The printers can actually output a whole lot more, of course, but not much of utility for the average person, who might wonder why the trend has built up so much hype without a compelling reason to own one.
The process of 3D printing, sometimes called additive manufacturing, is a slow procedure in which a printer reads a digital blueprint and methodically drops building material according to a set of instructions, creating a final product that's built up tiny layer by tiny layer. The printers are capable of producing extremely detailed and intricate levels of design that can be difficult or impractical to create with other methods.
It's not hard to imagine how a 3D printer could come in handy at home. Imagine printing your own part to replace one that gets lost or broken. Or making your own customized version of a dollar-store type item without having to leave the house.
But even the biggest 3D printing enthusiasts admit that's not fully possible today and it'll be a while before the technology is easy enough to use for an average consumer. And the prices will have to come way, way down before they can be considered a mass-market product.
But on a larger scale, the number of awe-inspiring stories about innovative uses for 3D printing are virtually endless.
Last year, a 3D printer was used to save a baby's life. Researchers at the University of Michigan came up with the novel idea to design and "print" a customized airway splint that would address a young boy's rare condition that caused him to stop breathing almost every day.
Canadian Jim Kor leads a team behind the Urbee concept car, a battery and biofuel powered vehicle with a body that was spit out by a 3D printer. The team is targeting 2015 to launch a proof of concept road trip from New York City to San Francisco, a nearly 4,700-kilometre voyage that will reportedly use only 38 litres of fuel.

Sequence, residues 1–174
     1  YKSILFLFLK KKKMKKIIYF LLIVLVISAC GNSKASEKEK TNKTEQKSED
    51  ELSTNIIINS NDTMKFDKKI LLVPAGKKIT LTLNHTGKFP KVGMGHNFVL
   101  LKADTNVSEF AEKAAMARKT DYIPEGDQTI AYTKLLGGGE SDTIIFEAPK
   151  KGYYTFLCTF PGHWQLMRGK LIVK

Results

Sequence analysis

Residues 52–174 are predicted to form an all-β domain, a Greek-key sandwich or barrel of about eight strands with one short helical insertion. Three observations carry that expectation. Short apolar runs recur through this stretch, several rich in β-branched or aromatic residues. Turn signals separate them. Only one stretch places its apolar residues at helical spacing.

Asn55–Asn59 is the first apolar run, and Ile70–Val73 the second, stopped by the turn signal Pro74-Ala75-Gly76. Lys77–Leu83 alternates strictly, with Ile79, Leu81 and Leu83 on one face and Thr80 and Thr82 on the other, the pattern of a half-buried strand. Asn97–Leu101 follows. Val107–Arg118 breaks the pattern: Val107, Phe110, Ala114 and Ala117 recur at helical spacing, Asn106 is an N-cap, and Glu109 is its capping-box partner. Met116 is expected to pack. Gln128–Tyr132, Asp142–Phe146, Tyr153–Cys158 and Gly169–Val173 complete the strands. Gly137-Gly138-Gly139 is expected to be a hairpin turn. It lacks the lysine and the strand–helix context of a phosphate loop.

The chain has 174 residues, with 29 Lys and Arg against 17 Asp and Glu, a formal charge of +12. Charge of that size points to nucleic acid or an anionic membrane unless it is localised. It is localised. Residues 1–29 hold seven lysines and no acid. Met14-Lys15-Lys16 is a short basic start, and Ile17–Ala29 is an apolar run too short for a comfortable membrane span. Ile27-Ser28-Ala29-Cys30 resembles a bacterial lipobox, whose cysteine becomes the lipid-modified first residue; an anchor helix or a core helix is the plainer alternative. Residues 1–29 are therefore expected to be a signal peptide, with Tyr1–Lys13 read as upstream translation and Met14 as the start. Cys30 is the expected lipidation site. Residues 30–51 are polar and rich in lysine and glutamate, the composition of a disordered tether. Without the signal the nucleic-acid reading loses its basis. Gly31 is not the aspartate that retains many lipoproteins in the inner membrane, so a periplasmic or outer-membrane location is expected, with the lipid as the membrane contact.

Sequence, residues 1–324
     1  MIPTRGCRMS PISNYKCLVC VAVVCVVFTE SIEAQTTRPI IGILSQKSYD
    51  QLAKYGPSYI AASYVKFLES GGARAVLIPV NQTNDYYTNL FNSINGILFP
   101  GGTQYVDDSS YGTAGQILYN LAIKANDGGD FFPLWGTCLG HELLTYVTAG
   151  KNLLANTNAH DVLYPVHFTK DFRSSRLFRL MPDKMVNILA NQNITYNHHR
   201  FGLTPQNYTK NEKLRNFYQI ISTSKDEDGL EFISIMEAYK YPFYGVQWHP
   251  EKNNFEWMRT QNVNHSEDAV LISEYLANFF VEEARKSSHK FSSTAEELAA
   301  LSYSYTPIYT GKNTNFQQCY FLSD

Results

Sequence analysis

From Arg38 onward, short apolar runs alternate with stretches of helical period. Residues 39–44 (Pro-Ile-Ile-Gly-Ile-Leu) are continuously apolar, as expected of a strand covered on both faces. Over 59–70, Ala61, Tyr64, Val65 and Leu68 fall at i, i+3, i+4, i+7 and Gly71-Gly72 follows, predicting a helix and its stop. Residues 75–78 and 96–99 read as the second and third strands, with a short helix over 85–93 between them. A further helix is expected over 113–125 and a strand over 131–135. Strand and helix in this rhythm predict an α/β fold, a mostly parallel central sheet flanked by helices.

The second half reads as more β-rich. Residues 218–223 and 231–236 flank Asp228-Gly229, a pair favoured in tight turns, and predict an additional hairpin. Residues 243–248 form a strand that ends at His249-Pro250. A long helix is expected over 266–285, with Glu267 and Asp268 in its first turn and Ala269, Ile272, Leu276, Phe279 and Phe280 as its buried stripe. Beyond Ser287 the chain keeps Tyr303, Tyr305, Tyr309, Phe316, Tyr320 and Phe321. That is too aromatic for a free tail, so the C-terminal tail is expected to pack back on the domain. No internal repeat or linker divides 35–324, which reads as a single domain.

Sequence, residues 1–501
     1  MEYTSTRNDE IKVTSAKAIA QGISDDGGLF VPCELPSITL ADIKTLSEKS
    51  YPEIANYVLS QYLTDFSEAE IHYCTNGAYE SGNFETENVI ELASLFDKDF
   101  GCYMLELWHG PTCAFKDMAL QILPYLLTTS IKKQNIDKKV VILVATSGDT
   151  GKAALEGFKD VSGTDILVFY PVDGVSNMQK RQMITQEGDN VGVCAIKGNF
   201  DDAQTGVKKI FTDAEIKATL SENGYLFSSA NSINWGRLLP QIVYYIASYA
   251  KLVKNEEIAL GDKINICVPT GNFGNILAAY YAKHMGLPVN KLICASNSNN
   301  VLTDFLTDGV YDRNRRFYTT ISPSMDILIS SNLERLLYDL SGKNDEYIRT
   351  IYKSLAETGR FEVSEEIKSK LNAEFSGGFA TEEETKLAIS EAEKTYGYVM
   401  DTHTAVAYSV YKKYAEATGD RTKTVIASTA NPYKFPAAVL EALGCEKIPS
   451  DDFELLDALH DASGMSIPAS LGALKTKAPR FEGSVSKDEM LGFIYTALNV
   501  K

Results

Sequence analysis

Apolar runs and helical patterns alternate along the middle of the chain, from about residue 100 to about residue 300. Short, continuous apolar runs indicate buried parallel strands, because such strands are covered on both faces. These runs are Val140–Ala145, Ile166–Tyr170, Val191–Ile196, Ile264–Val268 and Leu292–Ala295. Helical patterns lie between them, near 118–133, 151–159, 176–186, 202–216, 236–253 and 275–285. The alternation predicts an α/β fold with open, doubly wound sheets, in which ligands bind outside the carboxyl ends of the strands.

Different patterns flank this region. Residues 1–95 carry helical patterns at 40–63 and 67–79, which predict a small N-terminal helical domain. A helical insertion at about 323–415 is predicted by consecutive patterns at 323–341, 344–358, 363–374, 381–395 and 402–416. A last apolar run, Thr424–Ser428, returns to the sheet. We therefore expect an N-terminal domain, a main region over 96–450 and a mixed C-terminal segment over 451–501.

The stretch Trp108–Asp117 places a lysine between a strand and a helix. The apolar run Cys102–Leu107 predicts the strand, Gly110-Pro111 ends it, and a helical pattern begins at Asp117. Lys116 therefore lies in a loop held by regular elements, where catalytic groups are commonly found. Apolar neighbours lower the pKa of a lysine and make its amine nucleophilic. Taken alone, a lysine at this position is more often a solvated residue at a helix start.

The Input Devices and Music Interaction Laboratory at Montreal's McGill University is harnessing 3D printing technology to create art. Researchers used a 3D printer to create wearable musical instruments they call "digital prostheses," which are worn by dancers and trigger sounds with movement "as an extension of the performer's body."
And of course perhaps no recent application of 3D printing has garnered as many headlines as the successful efforts to design and build fully functional firearms.
While it's often thought of as a new technology, 3D printing actually dates back to the 1980s but has just now really matured to the stage that it's attracting such wide-reaching commercial and industrial attention.
The researchers at IDC Canada included the rise of 3D printing on its list of the top 10 technology trends for 2013.
"Some people use the term — when we're talking about 3D printing —'the next industrial revolution' and I absolutely think that is correct," says Doug Angus-Lee, rapid prototype account manager with Javelin Technologies, an Oakville, Ont.-based supplier of the technology.